From the category archives:

Medical Diagnosis

Diagnosis is the first step in medical care. Typically, a patient will consult a health care provider who will perform one or more diagnostic tests including measuring blood pressure, taking pulse, listening to heart beat or prescribe pathological and/or imaging. A hypothesis of possible cause of disease is developed based on these tests and a treatment plan is formulated. Diagnostic imaging including radiology, ultrasound, CT, MRI and X-ray is now widely used in clinical diagnosis. There is a significant role that MSI will play in further advancing and automating the diagnosis process. This will include fundamental advances in imaging technology as well as image analysis methods and elastographic techniques for noninvasive interrogation of tissue health, telemedicine and telediagnostic tools and technology and novel diagnostic methods.

Example Projects, Medical Diagnosis

The mechanical properties of soft tissue are related to the tissue structure, and thus the pathological state of the tissue.  The response of tissue to a dynamic excitation, for example waves propagating from a focused ultrasound pulse, is directly related to the mechanical properties.  This project seeks out ways to image mechanical properties of tissue for medical diagnosis (elastography) based on measured responses of the tissue to dynamic excitation.

The mechanical properties of soft tissue are related to the tissue structure, and thus the pathological state of the tissue.  The response of tissue to a dynamic excitation, for example waves propagating from a focused ultrasound pulse, is directly related to the mechanical properties.  This project seeks out ways to image mechanical properties of tissue for medical diagnosis (elastography) based on measured responses of the tissue to dynamic excitation.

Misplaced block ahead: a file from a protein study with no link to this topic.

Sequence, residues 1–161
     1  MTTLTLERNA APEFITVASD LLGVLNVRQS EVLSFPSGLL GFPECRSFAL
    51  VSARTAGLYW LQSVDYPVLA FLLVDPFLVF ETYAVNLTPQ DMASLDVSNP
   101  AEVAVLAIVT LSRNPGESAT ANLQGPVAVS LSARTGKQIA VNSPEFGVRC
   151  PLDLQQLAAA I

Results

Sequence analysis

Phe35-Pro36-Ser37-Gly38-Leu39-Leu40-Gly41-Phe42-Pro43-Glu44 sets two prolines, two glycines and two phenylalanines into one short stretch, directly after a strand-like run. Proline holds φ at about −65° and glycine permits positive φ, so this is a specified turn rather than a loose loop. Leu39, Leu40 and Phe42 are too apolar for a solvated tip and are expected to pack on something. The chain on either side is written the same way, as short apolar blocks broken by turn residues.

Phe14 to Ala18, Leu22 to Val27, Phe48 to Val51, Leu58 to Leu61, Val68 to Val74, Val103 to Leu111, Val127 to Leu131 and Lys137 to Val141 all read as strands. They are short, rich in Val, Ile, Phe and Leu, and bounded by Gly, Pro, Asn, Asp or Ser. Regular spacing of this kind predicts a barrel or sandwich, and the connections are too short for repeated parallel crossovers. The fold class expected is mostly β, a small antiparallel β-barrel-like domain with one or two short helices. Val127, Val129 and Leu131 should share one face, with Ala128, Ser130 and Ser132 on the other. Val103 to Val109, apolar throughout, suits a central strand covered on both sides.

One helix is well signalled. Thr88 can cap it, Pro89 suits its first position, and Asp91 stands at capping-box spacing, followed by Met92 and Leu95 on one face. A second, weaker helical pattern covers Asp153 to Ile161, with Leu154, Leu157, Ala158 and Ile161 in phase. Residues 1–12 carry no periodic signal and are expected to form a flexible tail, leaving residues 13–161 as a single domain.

This project combines machine learning and optimization methods to rapidly create clinically acceptable intensity-modulated radiation therapy (IMRT) plans for prostate, lung, and head and neck cancers.

We combine quantitative fluorescence whole-body preclinical imaging techniques with NIR FRET molecular probes to develop whole-tissue, in vivo three-dimensional imaging at the nanometer scale.  In vivo whole-body FRET imaging provides a new method for visualizing the overall tissue spatial distribution of protein-protein interactions and allows the direct visualization of the delivery of therapeutic drugs into tumor cells.

Nanoparticles have numerous uses in the medical field from drug delivery vectors to magnetic resonance imaging and hyperthermia for cancer treatment. Two examples where understanding heat transport in nanoparticle systems is critical are cancer hyperthermia and local control of biological processes via conjugated, remotely heated nanoparticles. In nanoparticle-based cancer hyperthermia,  AC electromagnetic fields in the radiofrequency (RF) range is used to heat up superparamagnetic nanoparticles loaded to cancerous tissue. We are investigating heat generation and dissipation in RF heated nanoparticle assemblies in order to understand the main parameters such as nanoparticle coating, concentration and cluster formation. In parallel, we are exploring the potential to actuate biological process at cellular level employing RF actuated magnetic particles.